The above photo is a sneak preview of my mini haul I’ll be posting as soon as I get my other books I ordered online in the mail.
But this post came about when I was watching a video & I saw the cover for Men Explain Things to Me and Other Essays by Rebecca Solnit. I realized the cover looks kind of similar to Dog Stars by Peter Heller. I started thinking that there’s actually a lot of covers that I’ve mixed up before because they look so alike.
So after a quick google search, turns out I’m not the first person to think of this… So I’ll add some other sites down below that have their own examples. But my contributions are less lookalikes, and more books (based off of some aspect of their cover) that my brain tends to associate with each other. The content of the books do not relate, it’s strictly judging the book by its cover. So here we go, (click on any of the books to be directed to their Goodreads)
So I wondered about others & thought of how looks like which also kind of reminds me of which was written by John Green who also wrote which always made me think of which also reminds me of which is similar to this book I read for class, .
See where I’m going with these? It’s like a chain reaction.
But if we go into all the books with tree covers we’ll be here all day. Plus isn’t that a bit ironic? All those print books with trees on them?
So what does this mean? Probably nothing. The New Yorker and The Atlantic both have articles on how or why covers nowadays seem to all look pretty similar. But none of their information or arguments really made me feel like the art of the book cover is going to “die” or that they’re all so similar that we don’t believe one stands out over another. Bright Lights, Big City‘s cover shows us that certain trends have at least some root in the recent past at least. Both of the above sources imply a bit of hate on the wonders of photoshop & pretty fonts, which as a book buyer, I really love. That’s not to say I don’t also love illustrations & other less common art forms for a cover. I think it’s all about whether it’s done well or done shitty, not necessarily the media used.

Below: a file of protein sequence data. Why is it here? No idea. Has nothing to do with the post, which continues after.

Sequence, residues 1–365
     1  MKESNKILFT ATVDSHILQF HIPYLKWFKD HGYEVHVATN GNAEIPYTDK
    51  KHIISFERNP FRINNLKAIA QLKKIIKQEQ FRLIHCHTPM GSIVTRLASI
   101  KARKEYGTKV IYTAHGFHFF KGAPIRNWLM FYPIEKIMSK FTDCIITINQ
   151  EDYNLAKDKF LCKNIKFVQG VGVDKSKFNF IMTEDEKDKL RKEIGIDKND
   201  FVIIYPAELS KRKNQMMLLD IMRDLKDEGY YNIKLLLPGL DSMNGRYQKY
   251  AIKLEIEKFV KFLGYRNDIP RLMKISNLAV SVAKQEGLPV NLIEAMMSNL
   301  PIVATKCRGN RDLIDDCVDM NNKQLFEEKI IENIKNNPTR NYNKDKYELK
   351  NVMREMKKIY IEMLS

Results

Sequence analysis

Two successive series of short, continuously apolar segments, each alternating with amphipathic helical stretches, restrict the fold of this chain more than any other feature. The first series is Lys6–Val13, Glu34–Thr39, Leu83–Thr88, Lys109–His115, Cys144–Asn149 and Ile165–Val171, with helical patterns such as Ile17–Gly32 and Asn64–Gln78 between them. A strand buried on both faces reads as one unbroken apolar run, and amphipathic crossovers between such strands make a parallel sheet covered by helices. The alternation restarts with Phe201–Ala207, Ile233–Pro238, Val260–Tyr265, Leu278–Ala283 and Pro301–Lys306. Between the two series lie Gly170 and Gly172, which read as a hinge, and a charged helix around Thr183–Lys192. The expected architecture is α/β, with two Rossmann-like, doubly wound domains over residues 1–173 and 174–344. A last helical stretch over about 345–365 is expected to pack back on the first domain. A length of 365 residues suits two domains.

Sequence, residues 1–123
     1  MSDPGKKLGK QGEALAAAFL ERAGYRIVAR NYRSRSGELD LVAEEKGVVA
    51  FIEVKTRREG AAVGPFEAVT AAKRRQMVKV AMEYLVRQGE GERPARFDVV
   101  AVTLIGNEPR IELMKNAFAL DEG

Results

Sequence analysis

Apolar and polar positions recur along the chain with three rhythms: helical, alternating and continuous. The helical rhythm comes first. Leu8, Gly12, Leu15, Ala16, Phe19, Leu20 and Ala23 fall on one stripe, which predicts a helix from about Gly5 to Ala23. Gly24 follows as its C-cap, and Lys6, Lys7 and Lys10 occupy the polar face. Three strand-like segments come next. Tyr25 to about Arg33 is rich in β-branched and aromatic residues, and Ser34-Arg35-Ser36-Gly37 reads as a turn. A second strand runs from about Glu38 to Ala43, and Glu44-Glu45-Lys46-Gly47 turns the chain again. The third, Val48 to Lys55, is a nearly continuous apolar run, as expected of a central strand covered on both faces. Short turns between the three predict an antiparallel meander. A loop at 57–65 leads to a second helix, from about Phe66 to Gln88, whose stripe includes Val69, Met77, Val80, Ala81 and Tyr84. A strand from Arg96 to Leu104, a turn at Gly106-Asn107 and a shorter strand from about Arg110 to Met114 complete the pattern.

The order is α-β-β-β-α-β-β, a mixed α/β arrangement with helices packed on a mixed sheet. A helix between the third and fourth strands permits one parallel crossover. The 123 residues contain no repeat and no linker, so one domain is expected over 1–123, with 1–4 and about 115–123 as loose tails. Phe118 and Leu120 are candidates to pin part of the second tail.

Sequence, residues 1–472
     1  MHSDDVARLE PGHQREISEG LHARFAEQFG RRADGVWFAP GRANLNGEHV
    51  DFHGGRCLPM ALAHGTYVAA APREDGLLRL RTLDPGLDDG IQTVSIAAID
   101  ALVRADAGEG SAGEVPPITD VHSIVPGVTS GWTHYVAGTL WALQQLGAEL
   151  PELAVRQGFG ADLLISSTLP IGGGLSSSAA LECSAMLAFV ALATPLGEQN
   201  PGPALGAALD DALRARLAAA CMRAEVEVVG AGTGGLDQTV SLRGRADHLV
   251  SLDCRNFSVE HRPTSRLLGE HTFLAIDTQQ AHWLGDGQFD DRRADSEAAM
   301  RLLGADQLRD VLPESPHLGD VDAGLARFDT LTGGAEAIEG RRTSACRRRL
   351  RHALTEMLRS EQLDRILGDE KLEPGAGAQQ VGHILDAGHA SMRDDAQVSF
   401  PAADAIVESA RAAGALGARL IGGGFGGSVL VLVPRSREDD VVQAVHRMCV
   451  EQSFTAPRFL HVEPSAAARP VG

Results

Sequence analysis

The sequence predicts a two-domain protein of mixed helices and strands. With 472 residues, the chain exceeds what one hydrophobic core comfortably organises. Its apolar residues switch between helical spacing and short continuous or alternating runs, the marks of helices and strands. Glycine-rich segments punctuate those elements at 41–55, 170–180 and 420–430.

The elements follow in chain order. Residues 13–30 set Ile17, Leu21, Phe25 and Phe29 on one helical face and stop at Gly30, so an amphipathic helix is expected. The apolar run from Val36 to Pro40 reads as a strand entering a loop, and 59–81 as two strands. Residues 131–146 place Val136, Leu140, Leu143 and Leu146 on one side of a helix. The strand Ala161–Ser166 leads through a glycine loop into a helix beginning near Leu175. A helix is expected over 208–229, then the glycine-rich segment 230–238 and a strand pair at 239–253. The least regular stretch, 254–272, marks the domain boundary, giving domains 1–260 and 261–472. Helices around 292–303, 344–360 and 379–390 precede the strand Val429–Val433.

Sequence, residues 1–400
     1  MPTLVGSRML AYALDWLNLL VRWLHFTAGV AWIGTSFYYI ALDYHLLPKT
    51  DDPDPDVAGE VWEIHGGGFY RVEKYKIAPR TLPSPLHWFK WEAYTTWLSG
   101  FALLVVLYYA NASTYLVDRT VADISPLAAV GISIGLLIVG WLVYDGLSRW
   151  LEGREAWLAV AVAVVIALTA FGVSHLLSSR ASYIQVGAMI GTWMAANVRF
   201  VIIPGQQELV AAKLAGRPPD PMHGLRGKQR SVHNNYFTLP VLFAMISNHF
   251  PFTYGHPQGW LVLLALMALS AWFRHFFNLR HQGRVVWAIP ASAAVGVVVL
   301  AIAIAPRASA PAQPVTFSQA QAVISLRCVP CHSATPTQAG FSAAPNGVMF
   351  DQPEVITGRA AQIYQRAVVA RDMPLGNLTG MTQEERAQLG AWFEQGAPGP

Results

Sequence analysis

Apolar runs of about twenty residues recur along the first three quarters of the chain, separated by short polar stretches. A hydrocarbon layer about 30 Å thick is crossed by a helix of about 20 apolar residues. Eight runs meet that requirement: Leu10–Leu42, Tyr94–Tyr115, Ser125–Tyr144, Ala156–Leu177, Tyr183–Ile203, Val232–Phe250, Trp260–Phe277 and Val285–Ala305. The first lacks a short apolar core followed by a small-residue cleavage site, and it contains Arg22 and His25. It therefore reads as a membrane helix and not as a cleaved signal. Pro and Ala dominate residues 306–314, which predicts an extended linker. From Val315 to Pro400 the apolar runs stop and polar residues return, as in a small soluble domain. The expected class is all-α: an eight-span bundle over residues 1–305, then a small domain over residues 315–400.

& yes, I think covers are important. We definitely judge books by their covers. If you’re a new or self published author & you have a cover that looks like your book is still an ARC or that you just slapped on a flickr image with some MicrosoftWord font, I’m probably going to judge the quality of your writing in association with that cover. It’s one of the reasons book designers exist.
I also tend to really hate covers that look like this. I can’t fully explain why. I think I just associate it with bad, chick (I hate that word, but it gets my point across), cliche, YA. In fact, I think it’s true that a lot of YA covers tend to look alike based on images, while adult covers tend to look alike based on font.
My cover preferences are pretty simple. I like matte books (hmm a nice soft, velvet lamination). I like blue books. I like books with deckled edges. I like books with a square spine. I like books that don’t have a person’s photo on their cover, unless that person is a celebrity and/or the book is a biography. But any of these tastes can be thrown out the window if the book is just designed damn well and appealing. Plus book buyers tend to like those extras like foiled pages, embossing, sprayed edges, or John Green’s favorite, some nice & pretty head & tail bands. But I also love ebooks, so just call me confused.
(Also if any book production / design people out there have some recommendations of books about those topics, please comment!)
Feel free to post about your own similarities in covers you’ve noticed and I’ll link it here. Also check out the Goodreads thread for something similar to this post.